Canadian bass master EXCISION kicks off 2013 with the massive “Execution Tour,” a North American trek that includes over 50 confirmed dates. The “Execution Tour” will feature EXCISION’s new stage “The Executioner,” a behemoth production setup and a true technological breakthrough that will take live electronic music performance to a new level. “The Executioner” is a video-mapping masterwork that displays an impressive 420 square feet of world-class, true-3D, video-mapped animations guaranteed to daze and amaze fans. “The Executioner” will include the greatest projector available in the world and cast some of the most intricate and amazing animations available today onto a mechanical bunker in which EXCISION will perform a live set that will simultaneously sync audio with video using groundbreaking technology. EXCISION is revving up the audio experience and inviting back Canada’s PK Sound—which worked with him on the sold-out 2012 “X Tour”—as the official audio provider for the “Execution Tour,” packing more than 100,000 watts of full-on bone-crushing sound. Watch the official “Execution Tour” trailer here: http://youtu.be/tloy0ldDvVQ.
What kind of gear do you use for your performances?
The new stage “The Executioner” has been in progress since April of last year. When we built Xvision, we learned what projection mapping is truly capable of, and with a bit bigger budget this year we were able to produce something far more complex. We wanted to get away from the 2D “trippy visualizations” as much as possible. My team and I felt that we had learned enough from Xvision to tackle the entire project ourselves.
I worked with Ben from Beama and went through 66 revisions before we finally settled on the current design. I then went and hired 50 or so animators from around the world, created storyboards of what we wanted each animation to look like, how we wanted it to sync with a specific song and spent a huge amount of time on each of them really dialing it in. Justin is our Mr. Fixit guy who knows a lot about a ton of different things. He handled the window to the DJ booth, which goes up and down based at the push of a button, as well as the panels that open and close to reveal lasers within the stage, as well as CO2 jets, crazy, low-lying fog machines, and even snow machines! A Canadian crew can’t truly put on a high production value show without snow. Justin also helped with the Serato/Ableton dual setup.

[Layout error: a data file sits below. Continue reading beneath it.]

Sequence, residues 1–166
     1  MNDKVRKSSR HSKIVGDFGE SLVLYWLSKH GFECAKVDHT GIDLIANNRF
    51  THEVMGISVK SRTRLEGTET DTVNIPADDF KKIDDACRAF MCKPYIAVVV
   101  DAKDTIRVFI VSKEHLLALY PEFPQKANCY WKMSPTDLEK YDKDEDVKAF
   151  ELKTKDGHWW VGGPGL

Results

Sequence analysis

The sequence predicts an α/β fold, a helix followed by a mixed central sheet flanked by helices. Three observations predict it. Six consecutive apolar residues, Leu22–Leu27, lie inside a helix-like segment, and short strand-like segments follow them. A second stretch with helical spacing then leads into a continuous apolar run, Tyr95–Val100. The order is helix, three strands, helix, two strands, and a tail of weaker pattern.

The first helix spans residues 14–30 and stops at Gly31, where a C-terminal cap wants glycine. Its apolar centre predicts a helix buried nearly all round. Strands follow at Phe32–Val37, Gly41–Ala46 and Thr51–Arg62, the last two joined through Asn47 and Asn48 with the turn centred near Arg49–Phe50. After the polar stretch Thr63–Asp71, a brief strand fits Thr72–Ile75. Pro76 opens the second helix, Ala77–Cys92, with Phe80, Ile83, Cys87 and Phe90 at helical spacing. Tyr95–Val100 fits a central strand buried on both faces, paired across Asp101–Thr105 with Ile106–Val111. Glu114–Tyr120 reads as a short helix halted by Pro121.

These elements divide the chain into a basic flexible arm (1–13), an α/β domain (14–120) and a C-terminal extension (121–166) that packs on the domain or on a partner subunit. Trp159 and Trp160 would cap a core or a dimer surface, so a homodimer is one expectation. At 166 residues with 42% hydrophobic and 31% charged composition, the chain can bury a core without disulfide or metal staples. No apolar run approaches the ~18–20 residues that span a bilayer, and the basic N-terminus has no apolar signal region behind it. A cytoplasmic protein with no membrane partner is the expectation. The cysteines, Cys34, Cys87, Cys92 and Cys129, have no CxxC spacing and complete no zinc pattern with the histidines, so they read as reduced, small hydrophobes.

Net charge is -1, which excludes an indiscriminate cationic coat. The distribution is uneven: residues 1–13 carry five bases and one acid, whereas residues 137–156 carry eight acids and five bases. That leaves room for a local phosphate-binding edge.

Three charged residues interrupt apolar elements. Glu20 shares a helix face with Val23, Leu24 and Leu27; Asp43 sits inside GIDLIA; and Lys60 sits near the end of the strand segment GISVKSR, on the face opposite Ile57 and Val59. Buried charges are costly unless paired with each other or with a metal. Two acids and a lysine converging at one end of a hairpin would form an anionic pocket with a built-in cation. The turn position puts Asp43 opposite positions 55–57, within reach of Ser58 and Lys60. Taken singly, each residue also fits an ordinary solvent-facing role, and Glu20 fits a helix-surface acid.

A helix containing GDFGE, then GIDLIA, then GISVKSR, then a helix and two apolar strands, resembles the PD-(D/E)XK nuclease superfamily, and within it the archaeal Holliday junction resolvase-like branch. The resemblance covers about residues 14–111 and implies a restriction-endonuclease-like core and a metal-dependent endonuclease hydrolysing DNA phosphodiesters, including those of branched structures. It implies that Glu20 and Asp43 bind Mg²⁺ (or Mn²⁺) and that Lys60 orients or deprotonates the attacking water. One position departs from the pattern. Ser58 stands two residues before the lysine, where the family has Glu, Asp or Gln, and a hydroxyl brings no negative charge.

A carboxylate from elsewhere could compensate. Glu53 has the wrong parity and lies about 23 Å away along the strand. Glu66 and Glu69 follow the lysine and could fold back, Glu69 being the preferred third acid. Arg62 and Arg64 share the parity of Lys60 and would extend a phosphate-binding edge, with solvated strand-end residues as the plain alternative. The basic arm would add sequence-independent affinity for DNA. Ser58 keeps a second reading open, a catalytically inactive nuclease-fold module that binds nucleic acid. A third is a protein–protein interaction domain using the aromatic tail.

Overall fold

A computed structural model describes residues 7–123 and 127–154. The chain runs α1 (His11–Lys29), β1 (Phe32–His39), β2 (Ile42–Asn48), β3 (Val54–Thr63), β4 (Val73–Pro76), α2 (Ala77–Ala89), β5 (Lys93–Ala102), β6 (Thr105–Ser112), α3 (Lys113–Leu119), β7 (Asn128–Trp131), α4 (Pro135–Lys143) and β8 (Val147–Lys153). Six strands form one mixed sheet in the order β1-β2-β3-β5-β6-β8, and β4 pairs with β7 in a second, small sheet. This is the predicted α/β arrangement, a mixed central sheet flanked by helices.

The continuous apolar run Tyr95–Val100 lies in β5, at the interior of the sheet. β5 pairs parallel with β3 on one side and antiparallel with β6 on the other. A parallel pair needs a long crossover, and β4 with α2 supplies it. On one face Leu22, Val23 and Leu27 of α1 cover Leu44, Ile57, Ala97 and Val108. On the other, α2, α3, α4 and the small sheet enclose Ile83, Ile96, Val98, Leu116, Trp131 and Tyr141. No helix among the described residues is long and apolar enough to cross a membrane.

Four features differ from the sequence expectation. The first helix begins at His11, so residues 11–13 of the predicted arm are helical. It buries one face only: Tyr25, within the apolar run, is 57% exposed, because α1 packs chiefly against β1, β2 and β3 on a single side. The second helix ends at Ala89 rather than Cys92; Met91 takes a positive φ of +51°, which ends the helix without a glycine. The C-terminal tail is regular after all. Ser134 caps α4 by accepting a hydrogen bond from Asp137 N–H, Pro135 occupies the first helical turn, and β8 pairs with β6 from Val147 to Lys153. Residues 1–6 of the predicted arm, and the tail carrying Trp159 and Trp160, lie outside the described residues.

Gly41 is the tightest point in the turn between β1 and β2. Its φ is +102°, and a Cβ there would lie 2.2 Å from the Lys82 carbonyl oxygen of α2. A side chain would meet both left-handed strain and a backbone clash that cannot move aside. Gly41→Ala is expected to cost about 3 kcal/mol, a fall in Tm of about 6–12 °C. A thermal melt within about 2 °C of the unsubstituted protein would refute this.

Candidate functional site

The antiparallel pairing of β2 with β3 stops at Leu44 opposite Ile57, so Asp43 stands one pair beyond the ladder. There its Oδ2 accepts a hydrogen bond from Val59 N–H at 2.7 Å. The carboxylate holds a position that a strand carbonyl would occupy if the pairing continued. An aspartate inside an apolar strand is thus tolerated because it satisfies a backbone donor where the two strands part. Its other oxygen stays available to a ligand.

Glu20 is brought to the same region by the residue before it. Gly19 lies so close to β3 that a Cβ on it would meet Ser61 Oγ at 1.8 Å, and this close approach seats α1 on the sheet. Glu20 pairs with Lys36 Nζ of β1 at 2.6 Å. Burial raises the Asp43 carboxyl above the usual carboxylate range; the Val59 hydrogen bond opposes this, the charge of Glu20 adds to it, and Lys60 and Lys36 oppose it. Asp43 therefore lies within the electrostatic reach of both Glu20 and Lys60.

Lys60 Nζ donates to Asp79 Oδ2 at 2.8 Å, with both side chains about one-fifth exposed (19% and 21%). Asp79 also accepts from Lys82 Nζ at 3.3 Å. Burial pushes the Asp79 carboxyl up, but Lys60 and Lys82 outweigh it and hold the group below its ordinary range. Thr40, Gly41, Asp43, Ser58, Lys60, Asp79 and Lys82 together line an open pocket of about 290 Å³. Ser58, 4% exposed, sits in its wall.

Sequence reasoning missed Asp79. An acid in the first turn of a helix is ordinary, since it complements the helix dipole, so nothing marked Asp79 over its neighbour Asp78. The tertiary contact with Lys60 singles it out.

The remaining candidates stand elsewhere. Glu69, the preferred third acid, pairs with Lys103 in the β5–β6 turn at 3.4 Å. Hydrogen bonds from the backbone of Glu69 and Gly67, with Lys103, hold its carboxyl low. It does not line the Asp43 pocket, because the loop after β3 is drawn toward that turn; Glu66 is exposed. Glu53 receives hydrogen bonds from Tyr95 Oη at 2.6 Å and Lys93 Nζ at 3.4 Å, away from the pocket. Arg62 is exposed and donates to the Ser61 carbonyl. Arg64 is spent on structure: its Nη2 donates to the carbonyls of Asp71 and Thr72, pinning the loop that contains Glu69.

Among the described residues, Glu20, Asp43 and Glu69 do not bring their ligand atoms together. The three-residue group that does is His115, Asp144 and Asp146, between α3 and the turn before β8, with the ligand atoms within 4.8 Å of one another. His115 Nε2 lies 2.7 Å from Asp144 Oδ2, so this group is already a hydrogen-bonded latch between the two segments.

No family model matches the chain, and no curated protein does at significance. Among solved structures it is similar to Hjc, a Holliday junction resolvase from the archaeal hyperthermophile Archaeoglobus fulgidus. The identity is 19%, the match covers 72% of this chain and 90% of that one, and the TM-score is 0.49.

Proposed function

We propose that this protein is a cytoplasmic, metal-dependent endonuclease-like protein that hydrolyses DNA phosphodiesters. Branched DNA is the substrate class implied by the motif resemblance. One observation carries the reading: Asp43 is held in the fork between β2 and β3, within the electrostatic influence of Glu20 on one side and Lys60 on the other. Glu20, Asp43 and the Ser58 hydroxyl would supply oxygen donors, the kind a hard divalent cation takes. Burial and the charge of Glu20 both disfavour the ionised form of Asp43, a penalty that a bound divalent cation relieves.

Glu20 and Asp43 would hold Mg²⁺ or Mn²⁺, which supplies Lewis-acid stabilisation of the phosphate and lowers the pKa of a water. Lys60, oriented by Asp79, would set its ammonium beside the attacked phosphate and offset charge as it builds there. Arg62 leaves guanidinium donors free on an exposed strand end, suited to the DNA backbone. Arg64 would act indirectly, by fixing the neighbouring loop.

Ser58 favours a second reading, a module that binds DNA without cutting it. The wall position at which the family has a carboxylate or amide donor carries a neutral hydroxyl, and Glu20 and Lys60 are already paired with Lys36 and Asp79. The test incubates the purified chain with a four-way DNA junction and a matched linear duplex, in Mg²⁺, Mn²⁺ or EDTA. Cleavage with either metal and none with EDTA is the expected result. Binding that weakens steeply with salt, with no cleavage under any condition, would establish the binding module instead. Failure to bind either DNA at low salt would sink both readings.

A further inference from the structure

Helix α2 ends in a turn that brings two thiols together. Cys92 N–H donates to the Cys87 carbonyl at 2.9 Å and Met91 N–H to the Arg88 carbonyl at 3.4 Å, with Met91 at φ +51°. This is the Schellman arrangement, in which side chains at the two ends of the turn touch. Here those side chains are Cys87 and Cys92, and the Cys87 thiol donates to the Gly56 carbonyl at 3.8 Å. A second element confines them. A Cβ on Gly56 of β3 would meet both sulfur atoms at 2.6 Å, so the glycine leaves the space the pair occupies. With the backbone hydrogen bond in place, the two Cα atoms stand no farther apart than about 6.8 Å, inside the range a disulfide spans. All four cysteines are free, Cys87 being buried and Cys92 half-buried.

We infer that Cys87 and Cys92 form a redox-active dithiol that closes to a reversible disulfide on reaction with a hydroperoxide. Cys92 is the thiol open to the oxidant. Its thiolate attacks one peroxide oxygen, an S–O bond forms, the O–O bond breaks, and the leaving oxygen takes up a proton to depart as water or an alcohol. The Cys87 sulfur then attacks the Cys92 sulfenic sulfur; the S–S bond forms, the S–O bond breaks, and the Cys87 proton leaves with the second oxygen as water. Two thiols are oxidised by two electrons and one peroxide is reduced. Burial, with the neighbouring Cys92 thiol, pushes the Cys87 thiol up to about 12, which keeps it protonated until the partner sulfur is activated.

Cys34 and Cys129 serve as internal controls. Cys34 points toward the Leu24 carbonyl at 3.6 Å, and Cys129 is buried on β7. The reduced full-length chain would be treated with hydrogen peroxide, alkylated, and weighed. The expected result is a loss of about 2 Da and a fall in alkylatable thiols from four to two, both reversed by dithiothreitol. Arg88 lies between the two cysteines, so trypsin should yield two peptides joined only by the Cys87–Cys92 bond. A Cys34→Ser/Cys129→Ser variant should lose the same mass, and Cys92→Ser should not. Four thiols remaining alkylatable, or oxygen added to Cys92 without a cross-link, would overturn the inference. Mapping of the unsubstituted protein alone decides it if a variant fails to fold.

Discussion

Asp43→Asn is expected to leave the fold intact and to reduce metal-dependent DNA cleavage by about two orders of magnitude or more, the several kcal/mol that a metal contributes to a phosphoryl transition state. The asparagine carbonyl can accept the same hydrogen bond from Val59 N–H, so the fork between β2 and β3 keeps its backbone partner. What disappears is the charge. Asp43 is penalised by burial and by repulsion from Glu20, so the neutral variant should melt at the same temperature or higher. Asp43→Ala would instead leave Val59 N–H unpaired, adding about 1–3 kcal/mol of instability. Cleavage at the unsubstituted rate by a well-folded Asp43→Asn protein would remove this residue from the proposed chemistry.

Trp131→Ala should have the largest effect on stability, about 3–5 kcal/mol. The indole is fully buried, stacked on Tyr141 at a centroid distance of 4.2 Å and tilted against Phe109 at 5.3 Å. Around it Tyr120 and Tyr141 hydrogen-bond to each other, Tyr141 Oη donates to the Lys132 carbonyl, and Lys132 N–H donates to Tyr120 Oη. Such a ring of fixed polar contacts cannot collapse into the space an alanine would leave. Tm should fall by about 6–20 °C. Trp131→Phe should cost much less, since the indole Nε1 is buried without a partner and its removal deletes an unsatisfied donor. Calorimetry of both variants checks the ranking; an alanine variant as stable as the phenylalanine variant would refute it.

I wanted to keep everything as close to a traditional DJ setup as possible, and still have the freedom to play whatever tracks in whatever order the crowd wants them. We use Serato music videos for 70 songs; usually I get through 55 in a set. Each of these videos stay in perfect sync with the attached song and the Serato video technology is perfect so far. Where we ran into trouble was creating a fully synced lighting show. We bridged Ableton to Serato and hacked a bunch of things in order to get the time code sent out to the lighting desk and trigger all the cues. The result is a system that gives me full freedom to cater to the crowd and still be a real DJ, but at the same time give a fully synced audio-visual show.